Speed equals time to destination

We can get a bit mechanical about assessing the speed of our websites. It’s true that for machines such as Google, speed is all about the number of milliseconds it takes for a page to appear. But for real customers, speed is about the time taken getting to the right page. And a fast-responding site is no use if the page they want is hard to find and buried too far down in the depths of the website.

Too many business websites are designed to reflect the structure of the company, rather than the needs of the user. For example, it’s commonplace to see a home page offering the user a choice of products from the company’s Division A, Division B and Division C. The first problem here is that it may not be obvious at all to customers which division handles the products they’re after.

Suppose the prospect was a user of blue widgets who thought there might be a better alternative. On arrival at the site, the options we offer are to click to see our Red Widgets, our Blue Widgets or our mysteriously-named ‘Systems Solution Division’. So the prospect clicks on ‘Blue Widgets’, and finds a range of products which, to be honest, don’t seem to offer much new. Result? A click back to Google to look at another supplier.

However, what our visitor didn’t see was that ‘Red Widgets’ are the more modern alternative to blue widgets. Even worse, the visitor didn’t see that the ‘Systems Solution Division’, whatever that is, turns out to be a bunch of widget experts who could supply a custom-built, modern blue widget replacement, if only they were ever asked. Did the pages in the ‘Blue Widgets’ section suggest the other two as an alternative? Of course not.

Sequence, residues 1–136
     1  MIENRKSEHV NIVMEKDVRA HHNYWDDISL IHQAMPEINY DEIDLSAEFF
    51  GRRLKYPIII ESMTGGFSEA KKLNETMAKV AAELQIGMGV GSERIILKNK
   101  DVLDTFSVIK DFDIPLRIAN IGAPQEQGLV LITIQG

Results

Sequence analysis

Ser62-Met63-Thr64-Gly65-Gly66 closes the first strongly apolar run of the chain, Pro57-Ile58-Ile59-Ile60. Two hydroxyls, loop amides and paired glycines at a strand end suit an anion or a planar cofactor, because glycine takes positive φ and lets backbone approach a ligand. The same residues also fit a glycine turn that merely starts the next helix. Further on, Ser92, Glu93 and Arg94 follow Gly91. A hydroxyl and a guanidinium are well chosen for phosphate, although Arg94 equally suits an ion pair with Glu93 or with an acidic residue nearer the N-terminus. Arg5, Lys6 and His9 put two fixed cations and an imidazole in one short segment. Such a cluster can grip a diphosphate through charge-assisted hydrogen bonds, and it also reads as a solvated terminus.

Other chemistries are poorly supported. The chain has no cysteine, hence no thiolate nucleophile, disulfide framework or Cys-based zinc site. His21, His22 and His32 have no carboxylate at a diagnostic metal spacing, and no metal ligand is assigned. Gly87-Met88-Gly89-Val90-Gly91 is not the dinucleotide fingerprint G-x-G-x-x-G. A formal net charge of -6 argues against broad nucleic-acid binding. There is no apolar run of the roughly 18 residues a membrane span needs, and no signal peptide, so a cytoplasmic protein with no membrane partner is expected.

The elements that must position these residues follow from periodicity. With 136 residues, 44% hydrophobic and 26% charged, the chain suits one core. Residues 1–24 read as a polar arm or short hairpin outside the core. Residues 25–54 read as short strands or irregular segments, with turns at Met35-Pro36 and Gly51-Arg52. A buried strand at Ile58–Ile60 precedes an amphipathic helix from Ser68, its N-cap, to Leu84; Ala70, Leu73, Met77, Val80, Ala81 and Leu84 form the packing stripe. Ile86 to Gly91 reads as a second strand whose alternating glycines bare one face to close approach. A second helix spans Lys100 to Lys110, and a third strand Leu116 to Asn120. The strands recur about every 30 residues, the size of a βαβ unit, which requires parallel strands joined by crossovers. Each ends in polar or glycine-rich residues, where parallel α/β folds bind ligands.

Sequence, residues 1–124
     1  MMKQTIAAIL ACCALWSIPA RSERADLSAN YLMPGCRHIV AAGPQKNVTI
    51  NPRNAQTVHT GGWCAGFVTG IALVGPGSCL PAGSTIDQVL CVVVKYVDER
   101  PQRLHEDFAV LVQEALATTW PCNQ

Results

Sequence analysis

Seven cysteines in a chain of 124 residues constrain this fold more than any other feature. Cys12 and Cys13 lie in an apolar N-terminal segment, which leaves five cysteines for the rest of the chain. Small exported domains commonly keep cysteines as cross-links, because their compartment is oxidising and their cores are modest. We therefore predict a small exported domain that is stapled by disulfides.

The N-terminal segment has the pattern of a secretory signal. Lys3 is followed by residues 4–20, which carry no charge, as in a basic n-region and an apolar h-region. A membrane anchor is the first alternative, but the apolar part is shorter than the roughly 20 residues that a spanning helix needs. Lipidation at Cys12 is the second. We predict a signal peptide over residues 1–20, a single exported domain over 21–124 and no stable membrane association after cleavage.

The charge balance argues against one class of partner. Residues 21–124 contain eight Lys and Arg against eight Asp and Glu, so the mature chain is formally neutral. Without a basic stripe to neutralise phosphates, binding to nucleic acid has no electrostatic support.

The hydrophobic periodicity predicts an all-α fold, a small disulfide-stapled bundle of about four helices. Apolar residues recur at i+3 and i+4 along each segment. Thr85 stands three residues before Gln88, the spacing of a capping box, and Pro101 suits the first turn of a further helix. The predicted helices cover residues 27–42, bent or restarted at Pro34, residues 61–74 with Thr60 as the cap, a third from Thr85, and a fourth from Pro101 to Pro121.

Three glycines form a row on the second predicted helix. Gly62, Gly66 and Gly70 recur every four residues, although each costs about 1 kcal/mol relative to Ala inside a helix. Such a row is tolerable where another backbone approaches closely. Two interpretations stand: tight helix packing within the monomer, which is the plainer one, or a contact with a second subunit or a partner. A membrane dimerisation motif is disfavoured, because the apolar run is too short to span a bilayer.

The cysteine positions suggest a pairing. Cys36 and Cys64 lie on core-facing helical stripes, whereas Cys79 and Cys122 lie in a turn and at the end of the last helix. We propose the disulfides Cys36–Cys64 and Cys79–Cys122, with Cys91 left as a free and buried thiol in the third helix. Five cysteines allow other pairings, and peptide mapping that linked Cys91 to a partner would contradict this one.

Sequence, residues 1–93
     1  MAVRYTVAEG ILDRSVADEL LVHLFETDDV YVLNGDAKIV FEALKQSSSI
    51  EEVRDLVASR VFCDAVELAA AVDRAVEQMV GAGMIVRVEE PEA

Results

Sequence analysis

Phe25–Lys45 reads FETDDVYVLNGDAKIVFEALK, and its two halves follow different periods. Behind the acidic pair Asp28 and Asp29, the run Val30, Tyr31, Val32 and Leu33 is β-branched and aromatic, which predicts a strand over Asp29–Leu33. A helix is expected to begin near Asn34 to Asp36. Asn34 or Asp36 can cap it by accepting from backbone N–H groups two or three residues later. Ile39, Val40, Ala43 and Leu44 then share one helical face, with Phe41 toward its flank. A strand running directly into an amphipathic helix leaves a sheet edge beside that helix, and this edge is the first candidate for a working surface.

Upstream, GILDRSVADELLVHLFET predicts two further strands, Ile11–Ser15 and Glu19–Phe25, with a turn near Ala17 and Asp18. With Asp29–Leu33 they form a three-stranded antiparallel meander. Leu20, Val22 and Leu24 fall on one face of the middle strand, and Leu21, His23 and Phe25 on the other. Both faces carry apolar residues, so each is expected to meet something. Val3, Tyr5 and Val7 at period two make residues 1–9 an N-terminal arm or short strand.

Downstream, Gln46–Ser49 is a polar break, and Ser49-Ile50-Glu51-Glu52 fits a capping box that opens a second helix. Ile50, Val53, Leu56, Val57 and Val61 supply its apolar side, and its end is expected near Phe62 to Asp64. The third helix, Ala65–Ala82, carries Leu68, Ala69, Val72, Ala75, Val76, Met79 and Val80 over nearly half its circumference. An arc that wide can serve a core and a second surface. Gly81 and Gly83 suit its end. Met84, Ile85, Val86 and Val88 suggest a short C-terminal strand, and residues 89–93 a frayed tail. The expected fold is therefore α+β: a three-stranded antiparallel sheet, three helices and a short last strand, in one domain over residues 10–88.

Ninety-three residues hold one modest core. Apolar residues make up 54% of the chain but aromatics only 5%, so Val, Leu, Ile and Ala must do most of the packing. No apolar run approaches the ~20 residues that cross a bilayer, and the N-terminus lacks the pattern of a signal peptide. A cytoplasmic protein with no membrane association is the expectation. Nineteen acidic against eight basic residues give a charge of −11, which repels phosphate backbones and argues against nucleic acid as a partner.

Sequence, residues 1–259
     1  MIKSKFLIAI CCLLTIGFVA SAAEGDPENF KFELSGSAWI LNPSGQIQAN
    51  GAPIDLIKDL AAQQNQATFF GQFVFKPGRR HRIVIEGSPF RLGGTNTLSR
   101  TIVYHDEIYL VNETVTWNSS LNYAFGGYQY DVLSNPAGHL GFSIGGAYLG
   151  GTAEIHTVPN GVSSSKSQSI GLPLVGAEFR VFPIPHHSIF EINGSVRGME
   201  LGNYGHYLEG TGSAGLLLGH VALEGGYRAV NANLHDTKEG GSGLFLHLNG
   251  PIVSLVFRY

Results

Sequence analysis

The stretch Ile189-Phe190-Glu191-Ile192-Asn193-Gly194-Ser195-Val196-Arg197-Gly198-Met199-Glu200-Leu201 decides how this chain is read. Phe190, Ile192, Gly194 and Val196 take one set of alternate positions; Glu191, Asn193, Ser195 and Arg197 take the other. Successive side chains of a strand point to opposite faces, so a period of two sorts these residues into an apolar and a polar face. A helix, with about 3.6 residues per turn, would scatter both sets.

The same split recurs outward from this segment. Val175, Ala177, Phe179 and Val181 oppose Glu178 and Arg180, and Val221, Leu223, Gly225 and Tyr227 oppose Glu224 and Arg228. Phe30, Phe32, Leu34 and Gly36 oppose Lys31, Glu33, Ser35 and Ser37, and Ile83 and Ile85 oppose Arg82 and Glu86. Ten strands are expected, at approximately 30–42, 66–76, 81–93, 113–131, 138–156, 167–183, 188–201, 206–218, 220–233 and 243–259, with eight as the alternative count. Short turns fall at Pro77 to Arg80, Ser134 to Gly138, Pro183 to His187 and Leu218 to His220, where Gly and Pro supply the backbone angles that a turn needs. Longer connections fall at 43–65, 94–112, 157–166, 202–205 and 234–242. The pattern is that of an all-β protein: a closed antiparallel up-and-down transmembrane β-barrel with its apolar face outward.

The second problem with presenting the company’s products in terms of the company structure is that it may not reflect anything like what users need. The three-division scenario above is completely inappropriate if 70% of prospects want one of the Blue Widget division’s products, 20% want another product from that division, and only 10% want everything else from the company combined. Why make 70% of visitors click through an extra layer to get to that product? Three choices on the home page is fine, but they should be Product A from the Blue Widget division, Product B from the Blue Widget division, and a third option covering the rest of Blue Widget division’s products and the other two divisions.